The Reading Viaduct, a grass and tree-covered stretch of historically rich yet defunct industrial rail line in Philadelphia, has opened up a lively dialogue about its potential as an urban connector. With a location ripe for redevelopment, the mile-long viaduct runs north from the edge of Center City to Callowhill, a former manufacturing neighborhood. However, as in most public projects where budgets are tight, the realization of an elevated park has a long way to go.
Paul Levy, president of Center City District (CCD), believes in the developmental potentials of an elevated park and the importance of the park as an impetus for growth in an area that is otherwise beleaguered by desolation. “Growth is stunted by the blighted and terrible conditions of the viaduct,” he said. Levy mentioned the High Line and the Promenade Plantée in Paris as successful iterations of a similar condition, but he was quick to add, “Philadelphia is not New York.” Noting that Philadelphia could not possibly raise the amount of private financial and celebrity backing that buoyed the High Line, he said, “Philadelphia’s conditions for design are more geared towards an industrial feel.”
Two primary obstacles stand in the way of the park’s realization. CCD’s creation of a Neighborhood Improvement District (NID) with a 7 percent tax surcharge on residents has caused pushback from Callowhill and stirred much public debate, while in 2004, the Chinatown Plan called for the removal of portions of the viaduct for affordable housing. Budget constraints have prevented the demolition from occurring, and removal of the viaduct would cost nearly $50 million including $25 million for soil remediation. Residents have until January 1 to submit letters of opposition, which would further stall the project.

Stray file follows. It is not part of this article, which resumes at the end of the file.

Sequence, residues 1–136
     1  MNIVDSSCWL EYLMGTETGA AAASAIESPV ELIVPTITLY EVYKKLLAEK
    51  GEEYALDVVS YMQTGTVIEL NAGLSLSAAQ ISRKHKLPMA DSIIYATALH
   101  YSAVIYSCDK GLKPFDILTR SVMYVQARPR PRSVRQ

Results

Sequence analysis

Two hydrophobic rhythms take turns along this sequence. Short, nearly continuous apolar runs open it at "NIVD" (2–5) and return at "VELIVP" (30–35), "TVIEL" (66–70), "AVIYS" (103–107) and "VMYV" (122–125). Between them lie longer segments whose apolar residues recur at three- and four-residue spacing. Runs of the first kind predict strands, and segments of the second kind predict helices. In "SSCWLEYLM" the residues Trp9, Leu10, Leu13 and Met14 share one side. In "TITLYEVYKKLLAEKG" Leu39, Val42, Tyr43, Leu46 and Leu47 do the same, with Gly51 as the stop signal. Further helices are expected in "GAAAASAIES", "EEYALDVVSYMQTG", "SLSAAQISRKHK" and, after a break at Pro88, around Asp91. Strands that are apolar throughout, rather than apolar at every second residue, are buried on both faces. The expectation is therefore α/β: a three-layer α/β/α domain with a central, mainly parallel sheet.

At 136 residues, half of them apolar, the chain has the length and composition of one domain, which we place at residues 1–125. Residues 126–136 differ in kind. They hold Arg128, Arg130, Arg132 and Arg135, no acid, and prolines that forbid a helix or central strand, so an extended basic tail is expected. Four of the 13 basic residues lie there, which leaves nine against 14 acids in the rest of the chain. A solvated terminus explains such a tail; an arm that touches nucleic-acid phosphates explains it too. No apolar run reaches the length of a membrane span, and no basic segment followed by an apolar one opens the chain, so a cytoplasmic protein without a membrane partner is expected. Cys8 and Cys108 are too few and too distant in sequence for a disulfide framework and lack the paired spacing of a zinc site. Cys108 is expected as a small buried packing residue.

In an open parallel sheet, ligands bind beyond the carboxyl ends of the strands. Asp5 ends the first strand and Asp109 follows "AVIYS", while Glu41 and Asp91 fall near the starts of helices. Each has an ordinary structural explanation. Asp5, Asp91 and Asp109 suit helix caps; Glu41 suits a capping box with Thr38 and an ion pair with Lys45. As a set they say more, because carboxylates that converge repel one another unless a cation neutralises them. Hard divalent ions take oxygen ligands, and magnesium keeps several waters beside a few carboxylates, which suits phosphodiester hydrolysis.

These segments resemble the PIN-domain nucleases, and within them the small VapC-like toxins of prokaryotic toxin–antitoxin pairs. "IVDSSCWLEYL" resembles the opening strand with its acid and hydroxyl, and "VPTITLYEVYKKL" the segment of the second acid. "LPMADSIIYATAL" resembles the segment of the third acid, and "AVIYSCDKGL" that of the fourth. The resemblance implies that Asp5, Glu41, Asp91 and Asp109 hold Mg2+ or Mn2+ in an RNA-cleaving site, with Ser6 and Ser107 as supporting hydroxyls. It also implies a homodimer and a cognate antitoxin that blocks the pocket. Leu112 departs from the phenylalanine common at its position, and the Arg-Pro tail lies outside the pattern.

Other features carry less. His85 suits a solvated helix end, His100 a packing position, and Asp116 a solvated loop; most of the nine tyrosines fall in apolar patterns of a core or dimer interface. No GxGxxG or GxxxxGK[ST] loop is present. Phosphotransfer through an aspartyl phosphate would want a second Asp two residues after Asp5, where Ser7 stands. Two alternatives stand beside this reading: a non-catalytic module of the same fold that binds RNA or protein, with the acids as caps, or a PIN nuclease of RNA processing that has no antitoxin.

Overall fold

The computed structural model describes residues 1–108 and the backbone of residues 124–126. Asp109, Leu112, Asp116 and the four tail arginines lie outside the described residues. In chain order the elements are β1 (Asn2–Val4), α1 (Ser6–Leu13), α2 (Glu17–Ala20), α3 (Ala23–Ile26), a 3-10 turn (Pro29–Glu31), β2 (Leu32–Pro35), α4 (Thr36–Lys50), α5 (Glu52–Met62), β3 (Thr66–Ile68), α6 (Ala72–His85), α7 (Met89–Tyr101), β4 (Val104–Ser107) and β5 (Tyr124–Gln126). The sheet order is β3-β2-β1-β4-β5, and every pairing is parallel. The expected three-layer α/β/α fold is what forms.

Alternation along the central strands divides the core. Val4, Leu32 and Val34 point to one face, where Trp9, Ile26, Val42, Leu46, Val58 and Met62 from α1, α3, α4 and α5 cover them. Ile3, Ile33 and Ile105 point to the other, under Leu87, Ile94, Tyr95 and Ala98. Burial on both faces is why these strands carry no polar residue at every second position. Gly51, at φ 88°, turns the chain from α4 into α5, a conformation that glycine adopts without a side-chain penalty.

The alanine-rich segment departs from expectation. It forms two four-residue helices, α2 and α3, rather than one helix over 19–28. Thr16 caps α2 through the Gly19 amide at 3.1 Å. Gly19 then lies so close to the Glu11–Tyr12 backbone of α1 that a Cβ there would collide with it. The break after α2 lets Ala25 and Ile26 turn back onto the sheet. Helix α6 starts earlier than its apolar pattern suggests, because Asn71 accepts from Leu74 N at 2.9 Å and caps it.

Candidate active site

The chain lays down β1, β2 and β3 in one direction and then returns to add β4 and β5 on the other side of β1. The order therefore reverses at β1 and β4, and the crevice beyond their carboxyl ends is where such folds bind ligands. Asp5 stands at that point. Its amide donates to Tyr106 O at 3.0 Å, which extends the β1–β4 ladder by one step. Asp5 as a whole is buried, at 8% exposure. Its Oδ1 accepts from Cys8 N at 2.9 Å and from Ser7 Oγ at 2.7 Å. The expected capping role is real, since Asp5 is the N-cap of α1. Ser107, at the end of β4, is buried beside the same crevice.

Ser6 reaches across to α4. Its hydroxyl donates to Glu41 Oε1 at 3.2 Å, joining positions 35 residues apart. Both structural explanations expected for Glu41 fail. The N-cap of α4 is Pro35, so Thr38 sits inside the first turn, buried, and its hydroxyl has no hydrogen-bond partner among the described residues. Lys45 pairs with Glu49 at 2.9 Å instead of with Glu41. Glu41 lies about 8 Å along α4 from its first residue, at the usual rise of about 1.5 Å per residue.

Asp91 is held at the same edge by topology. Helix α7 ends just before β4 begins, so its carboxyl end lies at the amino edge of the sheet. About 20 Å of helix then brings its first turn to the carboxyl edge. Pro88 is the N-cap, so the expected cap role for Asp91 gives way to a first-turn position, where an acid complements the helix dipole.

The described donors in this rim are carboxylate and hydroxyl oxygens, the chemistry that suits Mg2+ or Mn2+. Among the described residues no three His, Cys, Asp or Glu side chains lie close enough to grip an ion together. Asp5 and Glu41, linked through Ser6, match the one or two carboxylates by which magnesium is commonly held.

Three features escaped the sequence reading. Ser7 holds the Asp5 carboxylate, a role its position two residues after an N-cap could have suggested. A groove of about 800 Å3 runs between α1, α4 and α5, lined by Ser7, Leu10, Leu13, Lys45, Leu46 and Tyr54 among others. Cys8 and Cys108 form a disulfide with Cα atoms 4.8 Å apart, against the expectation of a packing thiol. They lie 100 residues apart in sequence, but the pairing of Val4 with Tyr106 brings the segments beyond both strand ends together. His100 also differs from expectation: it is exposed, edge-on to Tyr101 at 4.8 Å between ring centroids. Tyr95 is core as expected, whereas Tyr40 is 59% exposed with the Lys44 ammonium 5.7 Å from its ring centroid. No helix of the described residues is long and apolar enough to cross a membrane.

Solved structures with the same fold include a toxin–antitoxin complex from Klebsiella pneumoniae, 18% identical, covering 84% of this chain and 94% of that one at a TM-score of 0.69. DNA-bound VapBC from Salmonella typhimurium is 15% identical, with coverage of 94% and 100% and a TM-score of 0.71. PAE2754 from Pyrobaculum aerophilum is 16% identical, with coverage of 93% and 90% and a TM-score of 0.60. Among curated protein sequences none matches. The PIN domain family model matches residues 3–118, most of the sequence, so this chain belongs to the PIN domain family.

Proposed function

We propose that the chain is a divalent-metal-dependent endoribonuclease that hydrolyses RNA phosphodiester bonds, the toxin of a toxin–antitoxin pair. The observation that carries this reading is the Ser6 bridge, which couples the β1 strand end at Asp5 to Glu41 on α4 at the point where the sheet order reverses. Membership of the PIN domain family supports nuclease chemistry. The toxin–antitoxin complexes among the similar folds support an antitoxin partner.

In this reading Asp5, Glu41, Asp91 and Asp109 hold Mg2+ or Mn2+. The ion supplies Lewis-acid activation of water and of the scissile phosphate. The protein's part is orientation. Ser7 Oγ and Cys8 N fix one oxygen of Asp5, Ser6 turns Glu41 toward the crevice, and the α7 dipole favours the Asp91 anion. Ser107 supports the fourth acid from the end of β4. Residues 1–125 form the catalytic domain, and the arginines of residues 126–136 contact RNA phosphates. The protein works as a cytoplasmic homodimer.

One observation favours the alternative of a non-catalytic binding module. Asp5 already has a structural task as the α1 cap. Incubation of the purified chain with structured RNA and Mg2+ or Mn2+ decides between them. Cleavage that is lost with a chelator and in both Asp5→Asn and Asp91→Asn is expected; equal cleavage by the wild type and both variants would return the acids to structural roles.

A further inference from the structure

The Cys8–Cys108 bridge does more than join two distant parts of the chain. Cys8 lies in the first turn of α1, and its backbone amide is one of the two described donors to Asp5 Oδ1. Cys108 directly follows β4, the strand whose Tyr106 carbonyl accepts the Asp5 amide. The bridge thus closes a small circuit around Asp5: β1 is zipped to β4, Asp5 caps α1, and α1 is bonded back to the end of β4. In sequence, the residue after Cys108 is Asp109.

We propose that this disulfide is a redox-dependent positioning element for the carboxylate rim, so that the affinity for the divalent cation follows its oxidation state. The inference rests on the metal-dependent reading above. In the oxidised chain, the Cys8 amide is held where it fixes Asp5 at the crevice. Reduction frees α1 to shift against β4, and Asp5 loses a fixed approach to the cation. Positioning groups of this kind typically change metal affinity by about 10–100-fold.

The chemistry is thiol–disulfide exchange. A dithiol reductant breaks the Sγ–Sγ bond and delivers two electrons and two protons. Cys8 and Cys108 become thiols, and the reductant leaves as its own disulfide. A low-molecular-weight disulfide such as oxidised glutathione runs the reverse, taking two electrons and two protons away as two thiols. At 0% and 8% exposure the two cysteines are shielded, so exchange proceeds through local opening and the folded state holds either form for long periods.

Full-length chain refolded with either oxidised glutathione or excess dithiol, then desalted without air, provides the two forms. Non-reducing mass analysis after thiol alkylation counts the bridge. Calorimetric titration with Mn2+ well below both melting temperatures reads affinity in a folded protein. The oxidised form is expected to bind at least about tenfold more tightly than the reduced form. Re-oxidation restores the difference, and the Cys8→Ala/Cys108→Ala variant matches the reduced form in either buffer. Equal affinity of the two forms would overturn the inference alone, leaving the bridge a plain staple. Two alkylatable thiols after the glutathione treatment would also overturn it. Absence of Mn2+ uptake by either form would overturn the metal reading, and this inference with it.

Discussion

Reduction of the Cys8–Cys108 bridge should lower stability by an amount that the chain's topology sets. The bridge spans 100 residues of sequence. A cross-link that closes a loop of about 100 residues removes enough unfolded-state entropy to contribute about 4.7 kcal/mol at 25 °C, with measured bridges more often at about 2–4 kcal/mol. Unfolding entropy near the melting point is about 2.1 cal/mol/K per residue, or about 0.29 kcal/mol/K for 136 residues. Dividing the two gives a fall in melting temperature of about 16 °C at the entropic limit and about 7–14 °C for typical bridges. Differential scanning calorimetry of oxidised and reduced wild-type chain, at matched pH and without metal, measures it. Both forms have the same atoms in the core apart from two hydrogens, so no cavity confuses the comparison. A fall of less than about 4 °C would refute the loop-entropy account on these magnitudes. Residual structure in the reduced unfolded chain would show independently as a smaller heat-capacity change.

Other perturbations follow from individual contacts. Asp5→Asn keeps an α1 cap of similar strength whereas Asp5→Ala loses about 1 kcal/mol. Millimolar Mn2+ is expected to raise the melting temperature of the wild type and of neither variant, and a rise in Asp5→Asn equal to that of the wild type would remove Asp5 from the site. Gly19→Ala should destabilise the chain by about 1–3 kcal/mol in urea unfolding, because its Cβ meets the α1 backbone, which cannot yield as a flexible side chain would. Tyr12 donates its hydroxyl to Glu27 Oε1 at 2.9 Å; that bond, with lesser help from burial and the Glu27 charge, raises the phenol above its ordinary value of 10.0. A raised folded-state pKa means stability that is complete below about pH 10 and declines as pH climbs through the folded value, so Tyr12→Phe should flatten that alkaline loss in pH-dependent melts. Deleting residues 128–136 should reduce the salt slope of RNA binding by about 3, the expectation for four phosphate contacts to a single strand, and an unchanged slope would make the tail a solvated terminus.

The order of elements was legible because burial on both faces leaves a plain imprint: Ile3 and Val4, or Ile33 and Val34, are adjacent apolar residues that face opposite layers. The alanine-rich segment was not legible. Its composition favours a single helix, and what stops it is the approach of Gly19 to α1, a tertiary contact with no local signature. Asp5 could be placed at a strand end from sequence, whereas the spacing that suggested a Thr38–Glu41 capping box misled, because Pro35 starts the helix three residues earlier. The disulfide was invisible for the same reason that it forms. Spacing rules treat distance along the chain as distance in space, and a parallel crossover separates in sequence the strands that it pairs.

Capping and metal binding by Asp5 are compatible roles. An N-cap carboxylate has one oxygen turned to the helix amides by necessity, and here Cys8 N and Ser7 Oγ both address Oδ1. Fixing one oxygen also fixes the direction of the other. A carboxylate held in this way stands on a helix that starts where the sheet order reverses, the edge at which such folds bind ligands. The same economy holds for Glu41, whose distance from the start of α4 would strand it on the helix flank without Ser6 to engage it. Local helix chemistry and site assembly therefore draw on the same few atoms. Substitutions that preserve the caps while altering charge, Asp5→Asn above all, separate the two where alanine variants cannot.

The other roadblock is in the structure’s ownership. The Philadelphia and Reading Railroad, one of America’s earliest constructed railroads (and a Monopoly game icon), has morphed into Reading International (RDI), owner of cinema houses and real estate in Australia, New Zealand, and the United States, including the legacy land on which the viaduct sits. Levy and Alan Greenberger, chairman of the City Planning Commission, have been in discussions with the former rail titan in their Los Angeles headquarters. Greenberger is optimistic that Philadelphia will eventually strike a deal to either involve RDI or obtain the necessary permission to build, but he believes it will be “a protracted process.”
However, grass roots have sprouted in Philadelphia and the vision of a park on the Reading Viaduct has significant popular support. With permission from the Southeastern Pennsylvania Transportation Authority (SEPTA), property owner of the viaduct “spur,” and a grant from the William Penn Foundation and The Poor Richards Charitable Trust, CCD has hired landscape architect Bryan Hanes Associates to conduct feasibility studies and design schematics for the viaduct. Hanes told AN that he is looking at this project not as “phase one” but as a “catalyst for enthusiasm.” John Struble, co-founder of the Reading Viaduct Project, notes that, “Mother Nature has been remediating the viaduct for years, we hope that Philadelphia can do the same.”